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Record identifier : 567245
Personal Name - Primary Intelectual Responsibility : Hoiland, Erin E.,
Title and statement of responsibility : Teacher and principal perceptions of use of brain research findings in reading instruction [Thesis]
Publication, Distribution,Etc. : Seattle University, 2005
Language of the Item : eng
Dissertation of thesis details and type of degree : Ed.D.
Body granting the degree : , Seattle University
Summary or Abstract : This study examined the extent to which reported methods of reading instruction reflect brain research findings in literacy acquisition, and the degree to which first-grade reading teachers feel prepared to address, challenge, or adopt methods of reading instruction in terms of their perceived knowledge of brain-based learning. A researcher-developed closed-form mail survey was administered to three samples identifying, reading instruction methods employed and assessing the perceived knowledge and application of brain and reading research by primary grade teachers. The first sample (N = 22) was drawn from a sample frame of 203 first-grade reading teachers in South Puget Sound, Washington State. The second sample (N = 16) was drawn from a sample frame of 58 elementary school teachers comprising 100 percent of first through fifth grade teachers of a single public school district located within the research population. The third sample (N = 9) was drawn from a sample frame of 133 principals of the schools sampled. The majority (72.8 percent) of teacher respondents reported the methods of reading instruction in their classrooms were aligned with brain research results in literacy acquisition and/or structured around brain-based curricula (responded agree to strongly agree), and when queried about specific instructional practices characteristic of brain-based curricula over 63 percent of teacher respondents responded favorably. Findings also found 64 percent of teacher respondents felt inadequately prepared to address, challenge, or adopt methods of brain-based reading instruction and that they needed additional training. No statistically significant differences were observed between the principal and teacher responses..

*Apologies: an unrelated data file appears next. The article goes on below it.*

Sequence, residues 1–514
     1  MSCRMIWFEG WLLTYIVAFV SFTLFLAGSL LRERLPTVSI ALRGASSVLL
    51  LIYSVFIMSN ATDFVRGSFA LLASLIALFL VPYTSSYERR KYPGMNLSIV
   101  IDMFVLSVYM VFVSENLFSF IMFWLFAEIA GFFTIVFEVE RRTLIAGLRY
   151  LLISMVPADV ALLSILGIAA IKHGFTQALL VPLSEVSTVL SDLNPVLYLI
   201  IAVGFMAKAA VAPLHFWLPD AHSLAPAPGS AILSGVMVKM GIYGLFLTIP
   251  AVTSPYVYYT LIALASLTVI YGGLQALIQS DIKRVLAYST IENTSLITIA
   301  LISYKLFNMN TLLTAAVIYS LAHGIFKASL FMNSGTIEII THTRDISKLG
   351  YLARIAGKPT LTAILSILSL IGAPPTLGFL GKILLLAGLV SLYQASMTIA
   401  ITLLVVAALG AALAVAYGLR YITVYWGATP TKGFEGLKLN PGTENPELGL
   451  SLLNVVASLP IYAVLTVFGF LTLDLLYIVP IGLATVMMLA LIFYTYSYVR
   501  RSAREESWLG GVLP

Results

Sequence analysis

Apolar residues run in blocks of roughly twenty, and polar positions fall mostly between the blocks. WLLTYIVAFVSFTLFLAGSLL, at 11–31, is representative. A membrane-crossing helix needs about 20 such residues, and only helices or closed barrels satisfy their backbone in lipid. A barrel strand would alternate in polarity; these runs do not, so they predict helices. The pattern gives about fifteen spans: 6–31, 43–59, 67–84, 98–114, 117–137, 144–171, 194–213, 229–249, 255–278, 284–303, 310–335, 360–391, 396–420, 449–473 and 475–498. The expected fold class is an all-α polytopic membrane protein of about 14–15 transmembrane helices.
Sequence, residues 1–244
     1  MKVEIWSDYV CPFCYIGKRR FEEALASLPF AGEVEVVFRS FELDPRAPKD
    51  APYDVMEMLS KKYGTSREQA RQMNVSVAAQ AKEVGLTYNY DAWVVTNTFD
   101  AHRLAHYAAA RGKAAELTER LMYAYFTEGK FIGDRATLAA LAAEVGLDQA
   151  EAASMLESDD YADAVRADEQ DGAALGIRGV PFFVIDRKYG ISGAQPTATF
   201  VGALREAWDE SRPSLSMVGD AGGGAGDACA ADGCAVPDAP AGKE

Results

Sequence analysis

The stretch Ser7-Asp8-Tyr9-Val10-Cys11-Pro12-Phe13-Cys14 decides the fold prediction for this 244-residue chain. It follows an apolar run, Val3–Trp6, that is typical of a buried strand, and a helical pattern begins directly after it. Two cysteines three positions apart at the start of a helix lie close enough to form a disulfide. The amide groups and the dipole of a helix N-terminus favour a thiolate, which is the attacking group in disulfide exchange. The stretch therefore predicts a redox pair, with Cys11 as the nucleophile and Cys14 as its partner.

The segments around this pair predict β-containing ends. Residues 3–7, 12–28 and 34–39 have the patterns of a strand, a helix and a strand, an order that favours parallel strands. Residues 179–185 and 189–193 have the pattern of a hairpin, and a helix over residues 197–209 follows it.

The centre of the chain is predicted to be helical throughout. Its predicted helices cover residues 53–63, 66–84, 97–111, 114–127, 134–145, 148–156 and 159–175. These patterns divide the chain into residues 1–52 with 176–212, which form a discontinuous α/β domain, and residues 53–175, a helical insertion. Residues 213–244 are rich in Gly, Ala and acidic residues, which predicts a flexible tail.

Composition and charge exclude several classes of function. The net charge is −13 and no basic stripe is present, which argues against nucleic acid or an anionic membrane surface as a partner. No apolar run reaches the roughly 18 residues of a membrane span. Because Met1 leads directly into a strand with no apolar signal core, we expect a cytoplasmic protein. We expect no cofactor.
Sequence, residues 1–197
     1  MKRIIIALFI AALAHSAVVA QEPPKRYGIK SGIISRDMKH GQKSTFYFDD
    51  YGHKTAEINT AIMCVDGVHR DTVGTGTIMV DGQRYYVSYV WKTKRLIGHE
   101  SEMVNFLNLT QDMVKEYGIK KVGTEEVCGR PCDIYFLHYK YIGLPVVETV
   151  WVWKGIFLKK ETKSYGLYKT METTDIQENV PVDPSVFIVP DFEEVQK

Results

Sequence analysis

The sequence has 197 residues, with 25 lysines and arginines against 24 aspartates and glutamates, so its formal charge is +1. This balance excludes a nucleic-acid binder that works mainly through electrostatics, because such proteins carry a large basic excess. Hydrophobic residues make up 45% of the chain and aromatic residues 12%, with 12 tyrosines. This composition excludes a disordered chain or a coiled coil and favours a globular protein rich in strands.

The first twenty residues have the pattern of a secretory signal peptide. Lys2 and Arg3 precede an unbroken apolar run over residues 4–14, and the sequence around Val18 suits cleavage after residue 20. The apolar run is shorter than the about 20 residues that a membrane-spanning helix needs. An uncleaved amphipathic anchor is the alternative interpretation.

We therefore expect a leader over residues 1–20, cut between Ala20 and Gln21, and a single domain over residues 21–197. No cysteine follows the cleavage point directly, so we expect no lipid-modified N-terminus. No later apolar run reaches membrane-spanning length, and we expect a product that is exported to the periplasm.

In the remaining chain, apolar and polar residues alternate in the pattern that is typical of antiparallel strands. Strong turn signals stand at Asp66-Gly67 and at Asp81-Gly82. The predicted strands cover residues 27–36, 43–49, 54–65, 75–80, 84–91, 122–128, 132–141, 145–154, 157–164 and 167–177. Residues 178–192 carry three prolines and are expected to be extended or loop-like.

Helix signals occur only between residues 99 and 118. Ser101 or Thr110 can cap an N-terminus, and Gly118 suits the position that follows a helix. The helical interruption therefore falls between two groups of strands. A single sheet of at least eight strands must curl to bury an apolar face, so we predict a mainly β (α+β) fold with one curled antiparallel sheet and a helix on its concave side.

Topical Name Used as Subject : Literacy, Reading instruction, Educational psychology
Information of biblio record : TL
 
 
 
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